The Munsters and the Problem with Reboots

SPOILER ALERT – the following review/rant includes minor spoilers for the new Rob Zombie film The Munsters now available on DVD and Netflix.

Okay, I haven’t really posted too many reviews of movies or television shows on this blog but one has come along that I feel I must comment on. Rob Zombie’s version of The Munsters.

High Hopes

I was really looking forward to this reboot. I so badly wanted it to succeed. I didn’t even give up hope after the trailer was released.

I am not familiar with Zombie’s other films or even his music but I understood he was a fan of the original series and that usually bodes well for a film as I suspected that the source material would be treated with some reverence and respect while adding a modern sensibility to a childhood (and adulthood frankly) favorite series.

I was wrong.

Hopes Dashed

After watching Zombie’s version of The Munsters I questioned if he had actually watched the original series. While there were some obvious nods to the first series, most notably Lily’s brother Lester and a cameo by Zombo, a lot of this movie just did not ring true. I will admit that he got the house right and the look of the characters was nearly spot on. Though I was surprised that The Count, aka Grandpa, had a mustache I finally realized that this may have been because in Bram Stocker’s novel Dracula had a mustache (or so I heard, I haven’t gone back to check).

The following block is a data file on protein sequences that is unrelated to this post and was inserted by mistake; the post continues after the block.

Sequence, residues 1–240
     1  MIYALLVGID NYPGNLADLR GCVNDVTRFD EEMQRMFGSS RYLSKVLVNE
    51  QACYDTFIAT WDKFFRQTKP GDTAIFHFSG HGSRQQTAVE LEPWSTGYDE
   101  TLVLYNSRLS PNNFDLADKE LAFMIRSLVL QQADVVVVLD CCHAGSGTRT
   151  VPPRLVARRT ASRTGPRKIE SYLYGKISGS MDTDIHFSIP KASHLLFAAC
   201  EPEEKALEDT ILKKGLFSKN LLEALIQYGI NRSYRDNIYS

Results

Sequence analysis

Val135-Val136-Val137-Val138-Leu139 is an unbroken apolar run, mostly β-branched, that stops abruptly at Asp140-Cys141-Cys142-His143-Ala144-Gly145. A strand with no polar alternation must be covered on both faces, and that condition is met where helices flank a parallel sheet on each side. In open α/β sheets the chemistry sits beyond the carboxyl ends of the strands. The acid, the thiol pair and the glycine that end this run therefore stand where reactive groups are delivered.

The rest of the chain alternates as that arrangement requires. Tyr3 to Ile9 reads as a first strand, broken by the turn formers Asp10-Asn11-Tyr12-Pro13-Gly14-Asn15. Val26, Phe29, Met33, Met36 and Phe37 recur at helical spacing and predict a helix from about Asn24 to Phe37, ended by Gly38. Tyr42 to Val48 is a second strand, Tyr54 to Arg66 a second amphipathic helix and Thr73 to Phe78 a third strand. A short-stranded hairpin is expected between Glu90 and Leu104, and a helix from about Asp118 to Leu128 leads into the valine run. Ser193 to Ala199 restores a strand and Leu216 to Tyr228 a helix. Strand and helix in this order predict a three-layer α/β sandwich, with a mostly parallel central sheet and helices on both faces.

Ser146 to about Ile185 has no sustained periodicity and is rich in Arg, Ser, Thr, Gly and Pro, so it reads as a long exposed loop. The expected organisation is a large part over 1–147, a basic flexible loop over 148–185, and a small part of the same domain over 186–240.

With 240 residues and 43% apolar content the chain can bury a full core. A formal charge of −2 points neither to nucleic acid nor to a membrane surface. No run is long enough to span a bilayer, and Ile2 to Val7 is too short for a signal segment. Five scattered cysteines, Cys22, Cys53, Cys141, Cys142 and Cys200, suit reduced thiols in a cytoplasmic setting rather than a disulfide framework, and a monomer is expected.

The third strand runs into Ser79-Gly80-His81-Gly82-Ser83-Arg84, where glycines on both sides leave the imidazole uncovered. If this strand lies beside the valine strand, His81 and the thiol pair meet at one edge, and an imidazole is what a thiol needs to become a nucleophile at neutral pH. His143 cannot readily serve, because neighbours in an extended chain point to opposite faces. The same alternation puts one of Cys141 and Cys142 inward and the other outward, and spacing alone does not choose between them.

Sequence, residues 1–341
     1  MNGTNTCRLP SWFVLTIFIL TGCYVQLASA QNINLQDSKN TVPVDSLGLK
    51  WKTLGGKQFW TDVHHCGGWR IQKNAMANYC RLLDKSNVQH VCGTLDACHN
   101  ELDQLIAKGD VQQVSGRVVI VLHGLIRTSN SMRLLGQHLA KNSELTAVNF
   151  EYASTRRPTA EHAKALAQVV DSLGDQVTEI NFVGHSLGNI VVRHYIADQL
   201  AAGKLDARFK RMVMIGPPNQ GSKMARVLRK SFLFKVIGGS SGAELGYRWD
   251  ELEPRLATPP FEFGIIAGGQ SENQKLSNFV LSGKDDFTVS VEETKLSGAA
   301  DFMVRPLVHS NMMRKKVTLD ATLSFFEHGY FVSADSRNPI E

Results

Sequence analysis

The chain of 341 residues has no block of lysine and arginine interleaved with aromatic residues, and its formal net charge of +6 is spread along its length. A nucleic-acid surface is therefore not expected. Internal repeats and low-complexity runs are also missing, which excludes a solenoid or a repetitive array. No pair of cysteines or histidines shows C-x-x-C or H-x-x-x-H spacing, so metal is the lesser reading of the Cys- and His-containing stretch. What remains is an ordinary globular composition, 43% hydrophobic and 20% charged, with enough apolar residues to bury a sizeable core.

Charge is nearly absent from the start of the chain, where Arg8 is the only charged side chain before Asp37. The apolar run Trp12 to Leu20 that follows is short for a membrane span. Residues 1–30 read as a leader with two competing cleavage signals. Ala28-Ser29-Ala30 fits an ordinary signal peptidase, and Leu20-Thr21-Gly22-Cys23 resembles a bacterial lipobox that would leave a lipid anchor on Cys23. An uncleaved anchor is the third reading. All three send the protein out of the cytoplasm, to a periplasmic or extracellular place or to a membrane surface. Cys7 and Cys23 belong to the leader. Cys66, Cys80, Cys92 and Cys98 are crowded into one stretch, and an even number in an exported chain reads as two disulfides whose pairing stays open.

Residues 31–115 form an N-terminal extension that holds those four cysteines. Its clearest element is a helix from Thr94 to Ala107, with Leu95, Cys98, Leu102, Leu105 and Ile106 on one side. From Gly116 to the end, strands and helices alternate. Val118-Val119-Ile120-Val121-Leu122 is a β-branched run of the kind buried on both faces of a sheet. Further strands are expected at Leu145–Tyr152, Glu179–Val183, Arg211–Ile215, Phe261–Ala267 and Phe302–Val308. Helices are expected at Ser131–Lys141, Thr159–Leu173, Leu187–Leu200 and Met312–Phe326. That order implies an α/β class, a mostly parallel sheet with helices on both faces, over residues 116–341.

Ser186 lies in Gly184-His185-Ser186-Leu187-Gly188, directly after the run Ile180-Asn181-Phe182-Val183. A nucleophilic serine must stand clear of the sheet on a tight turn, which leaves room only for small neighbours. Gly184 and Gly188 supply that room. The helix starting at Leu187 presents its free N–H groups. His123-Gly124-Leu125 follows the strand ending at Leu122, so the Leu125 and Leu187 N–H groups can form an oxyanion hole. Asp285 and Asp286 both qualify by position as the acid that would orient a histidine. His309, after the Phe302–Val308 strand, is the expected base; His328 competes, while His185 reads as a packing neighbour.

I was not thrown off by Zombie’s directing style or the look of the movie. The acting was solid and fit the nature of the style that Zombie was using. Though truth be told, I wasn’t terribly impressed with Jeff Daniel Phillips (Herman) or Sherry Moon Zombie (Lily). Both seemed to be trying to do an impersonation of the original cast (Fred Gwynne and Yvonne DeCarl0) and missing the mark. They would have been better off actually just making the characters their own.

I had a minor issue with make up and Lily’s hair – the stripe is supposed to be down the middle of the scalp not on the side and I thought Herman’s green was a little over the top. Otherwise the costuming was spot on.

I also wish that the script had a better plot. After Herman and Lily finally got together the movie just kind of kept going aimlessly and moved the family to America in a forced and illogical way.

The Problem with Reboots

Lost forever?

But my biggest issue with the movie was that Zombie, who is also credited as the writer, chose to re-write Herman’s origin and to a lesser degree Grandpa’s as well.

In the original series it was very clear, at least to me, that Herman (and his twin brother Charlie) was one of Frankenstein’s monsters. Not THE Frankenstein monster, but the culmination of Victor Frankenstein’s experiments. The success as it were. Maybe it has something to do with rights as a previous reboot (Mockingbird Lane) also changed Herman’s origin so that Grandpa had built him as a mate for Lily. Zombie chose to introduce a random mad scientist along with a sidekick instead and have Herman built in the present day instead of back in the early 1800s.